The Terrorist Movement That Attacked the Capitol Will Need to Be Confronted
By David H. Schanzer
For those of us who study how terrorist movements develop, the mass uprising at the U.S. Capitol came as no surprise. Anti-democratic white supremacy has been growing dramatically in the United States for over a decade. The claim of a stolen election that would remove Donald Trump from power was the trigger that mobilized this movement to mass violence. And now the incoming Administration will need to use its powers to quell a large-scale domestic terrorist movement.
Think about any terrorist movement you want — the IRA, al Qaeda, the KKK — they all are based on a set of deep-seated grievances about the structure of society and distribution of political power. The grievance driving the violence we saw at the Capitol is that some segments of the historically dominant white majority feel as if it they are losing political and economic power and influence in America.
This power began eroding with the Emancipation Proclamation and Union victory in the Civil War. And then, after Reconstruction failed, reforms of the Civil Rights Era outlawed the violence white supremacists use to assert power, opened up access to the franchise, and diversified the racial and ethnic makeup of America through changes in our immigration laws.
In the wake of these reforms, organized white supremacist organizations became less prevalent and moved towards the fringes of society.
Yet, instead of dwindling in the face of societal rejection, a combination of factors deepened grievances and reinvigorated the movement. Globalization caused the flight of jobs and economic opportunity from large swaths of rural America. Cities with diverse populations revitalized and began dominating American cultural and economic life. The nation elected a Black president. Large scale immigration continued to fuel the move towards a majority-minority nation by the mid-point of the new century.
And while all this was happening, the internet and ultimately social media enabled the diffuse population of extremists to interact, share their grievances and fears of the future, and begin developing an organizational infrastructure.
Most terrorist movements require an inspirational leader — enter one Donald Trump. While Trump appealed to many audiences in his march to the presidency, his style of communication and elements of his message resonated powerfully with white supremacists.
He blamed immigrants and foreign nations for their economic anxieties, he attacked all forms of immigration — postponing the erosion of white political power; he made it socially acceptable to overtly degrade people of color and elites — the very people the white supremacists believe are at the root of their problems; and finally — he disparaged democracy — giving hope they could maintain white minority rule.
After Trump won the presidency, the movement asserted itself in Charlottesville. But the national revulsion to the violence and murder that occurred there kept the extremists in check, and, in any event, action wasn’t really necessary since Trump was in the White House, doing their bidding.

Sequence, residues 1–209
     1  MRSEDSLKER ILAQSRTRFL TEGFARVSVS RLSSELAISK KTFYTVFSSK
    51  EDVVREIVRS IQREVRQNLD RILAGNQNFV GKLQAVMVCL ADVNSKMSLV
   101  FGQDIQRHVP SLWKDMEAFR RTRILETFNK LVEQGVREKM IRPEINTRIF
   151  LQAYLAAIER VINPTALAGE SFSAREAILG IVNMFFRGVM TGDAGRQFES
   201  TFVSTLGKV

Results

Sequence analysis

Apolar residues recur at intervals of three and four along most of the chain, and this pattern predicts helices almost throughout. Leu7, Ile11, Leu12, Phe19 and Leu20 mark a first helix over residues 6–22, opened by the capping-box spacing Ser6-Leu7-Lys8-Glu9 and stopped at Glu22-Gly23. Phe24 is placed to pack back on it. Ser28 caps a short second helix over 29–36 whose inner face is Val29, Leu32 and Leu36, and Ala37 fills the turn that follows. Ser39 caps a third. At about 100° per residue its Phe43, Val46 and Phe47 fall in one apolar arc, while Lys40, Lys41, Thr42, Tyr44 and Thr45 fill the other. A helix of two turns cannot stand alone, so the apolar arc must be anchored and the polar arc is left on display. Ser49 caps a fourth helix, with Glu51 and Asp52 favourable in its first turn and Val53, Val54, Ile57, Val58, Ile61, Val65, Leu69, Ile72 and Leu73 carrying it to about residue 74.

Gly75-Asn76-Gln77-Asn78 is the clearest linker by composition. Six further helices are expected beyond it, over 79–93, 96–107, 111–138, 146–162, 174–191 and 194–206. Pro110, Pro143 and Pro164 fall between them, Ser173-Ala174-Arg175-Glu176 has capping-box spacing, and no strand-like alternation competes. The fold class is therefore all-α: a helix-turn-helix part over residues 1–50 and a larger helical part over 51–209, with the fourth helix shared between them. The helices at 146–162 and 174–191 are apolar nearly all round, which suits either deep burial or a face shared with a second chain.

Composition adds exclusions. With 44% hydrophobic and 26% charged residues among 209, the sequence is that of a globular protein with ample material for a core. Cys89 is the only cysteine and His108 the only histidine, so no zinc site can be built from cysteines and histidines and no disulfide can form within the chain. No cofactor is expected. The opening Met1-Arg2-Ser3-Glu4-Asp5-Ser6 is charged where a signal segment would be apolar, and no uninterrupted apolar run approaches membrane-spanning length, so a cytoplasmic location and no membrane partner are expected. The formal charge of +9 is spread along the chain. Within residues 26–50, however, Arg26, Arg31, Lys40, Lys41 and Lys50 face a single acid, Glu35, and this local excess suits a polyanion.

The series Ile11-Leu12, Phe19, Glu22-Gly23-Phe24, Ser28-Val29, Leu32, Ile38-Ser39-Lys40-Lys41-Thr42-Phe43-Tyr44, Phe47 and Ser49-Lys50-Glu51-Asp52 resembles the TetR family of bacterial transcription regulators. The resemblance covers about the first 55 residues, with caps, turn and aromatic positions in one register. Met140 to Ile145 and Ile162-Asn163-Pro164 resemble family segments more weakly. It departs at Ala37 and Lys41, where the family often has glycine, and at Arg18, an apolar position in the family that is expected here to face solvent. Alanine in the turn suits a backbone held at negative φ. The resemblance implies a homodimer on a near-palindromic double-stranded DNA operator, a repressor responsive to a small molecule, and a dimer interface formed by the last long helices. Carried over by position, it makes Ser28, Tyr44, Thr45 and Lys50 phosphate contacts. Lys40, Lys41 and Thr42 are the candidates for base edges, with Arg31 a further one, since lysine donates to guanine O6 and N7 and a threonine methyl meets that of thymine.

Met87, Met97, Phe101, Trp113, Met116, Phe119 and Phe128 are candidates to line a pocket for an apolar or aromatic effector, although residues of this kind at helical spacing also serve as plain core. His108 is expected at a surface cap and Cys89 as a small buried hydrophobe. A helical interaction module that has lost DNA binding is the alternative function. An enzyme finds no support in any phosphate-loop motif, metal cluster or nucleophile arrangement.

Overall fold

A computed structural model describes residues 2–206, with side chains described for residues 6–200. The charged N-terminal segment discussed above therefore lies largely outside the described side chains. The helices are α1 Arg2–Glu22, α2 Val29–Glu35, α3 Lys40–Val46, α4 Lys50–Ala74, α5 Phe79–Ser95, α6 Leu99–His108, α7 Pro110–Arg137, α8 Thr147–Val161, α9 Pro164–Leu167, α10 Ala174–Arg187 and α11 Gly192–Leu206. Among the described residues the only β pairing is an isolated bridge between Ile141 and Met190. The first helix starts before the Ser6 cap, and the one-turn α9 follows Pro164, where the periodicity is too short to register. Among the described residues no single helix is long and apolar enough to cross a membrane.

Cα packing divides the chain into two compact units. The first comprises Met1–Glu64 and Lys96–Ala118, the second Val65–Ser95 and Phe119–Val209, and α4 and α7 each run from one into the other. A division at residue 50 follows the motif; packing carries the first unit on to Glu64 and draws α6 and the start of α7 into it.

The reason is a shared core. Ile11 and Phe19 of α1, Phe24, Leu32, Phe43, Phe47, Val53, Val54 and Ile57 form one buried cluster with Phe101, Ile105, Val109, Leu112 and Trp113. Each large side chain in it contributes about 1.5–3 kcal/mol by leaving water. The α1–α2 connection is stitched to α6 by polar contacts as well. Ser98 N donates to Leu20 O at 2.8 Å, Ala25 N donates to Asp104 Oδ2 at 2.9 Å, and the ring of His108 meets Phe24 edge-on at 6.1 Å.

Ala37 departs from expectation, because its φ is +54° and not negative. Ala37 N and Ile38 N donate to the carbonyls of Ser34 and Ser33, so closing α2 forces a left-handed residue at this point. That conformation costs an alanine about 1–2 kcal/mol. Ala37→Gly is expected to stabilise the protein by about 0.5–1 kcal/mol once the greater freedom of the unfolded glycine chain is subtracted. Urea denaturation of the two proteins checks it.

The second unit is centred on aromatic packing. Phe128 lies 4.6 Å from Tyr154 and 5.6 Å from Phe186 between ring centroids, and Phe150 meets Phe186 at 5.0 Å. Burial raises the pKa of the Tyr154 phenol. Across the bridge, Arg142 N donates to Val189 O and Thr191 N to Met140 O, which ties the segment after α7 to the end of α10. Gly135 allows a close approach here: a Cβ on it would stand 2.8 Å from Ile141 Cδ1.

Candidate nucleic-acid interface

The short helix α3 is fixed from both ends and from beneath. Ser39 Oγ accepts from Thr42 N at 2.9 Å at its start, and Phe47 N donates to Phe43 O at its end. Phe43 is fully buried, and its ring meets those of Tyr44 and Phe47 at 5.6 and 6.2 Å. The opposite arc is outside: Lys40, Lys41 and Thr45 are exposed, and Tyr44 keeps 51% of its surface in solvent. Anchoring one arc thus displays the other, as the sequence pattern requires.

The events of the past two months, however, have unsurprisingly catalyzed violence. A coalition of people of color and urban educated elites mobilized to terminate Trump’s presidency. Trump spewed that the election had been stolen (principally by Black voters), inflaming the white supremacists’ deep-seated grievance that their grip on power was slipping. And the day after a Black and Jewish candidate won tipping point seats in the Senate, a frenzied mob, stirred up by Trump and his vitriolic accomplices, invaded the halls of our democracy to prevent the peaceful transition to power. This is what terrorists do.
So now, in addition to ending the pandemic, restoring our economy, and confronting racial injustice, the new Administration faces a fourth major challenge — taming a violent white supremacist insurgency.
We have the tools we need. Those who plan and plot to use violence against the government can be surveilled, criminally investigated and prosecuted. The FBI should be directed to do. Freedom of speech must of course be paramount, but incitement to violence must be punished. If criminal prosecutions cannot be brought, at the very least our media has a professional responsibility to cut off access to those who truck in advocacy for violence.
Second, the charismatic leader of this movement, soon to be ex-president Donald Trump, needs to be marginalized. People and organizations of good will must stop providing him funding and we must stop obsessing over his tweets and outrageous statements. No one should fund or participate in his proposed media enterprise. Candidates that he endorses need to be defeated at the polls.
Finally, we can take the steam out of this movement by addressing the economic calamities that have befallen white, non-college educated communities in rural America. Unlike the fictions that the movement propagates — these economic hardships are real and the failure to address them have degraded the confidence of many in our government and society at large.
As chaos consumed Washington D.C., I saw the fear, once again, that terrorism causes. But we can and will confront this challenge — first by calling it what it is — white supremacist domestic terrorism — and next, by taking action.
David H. Schanzer is the Director of the Triangle Center on Terrorism and Homeland Security at Duke University.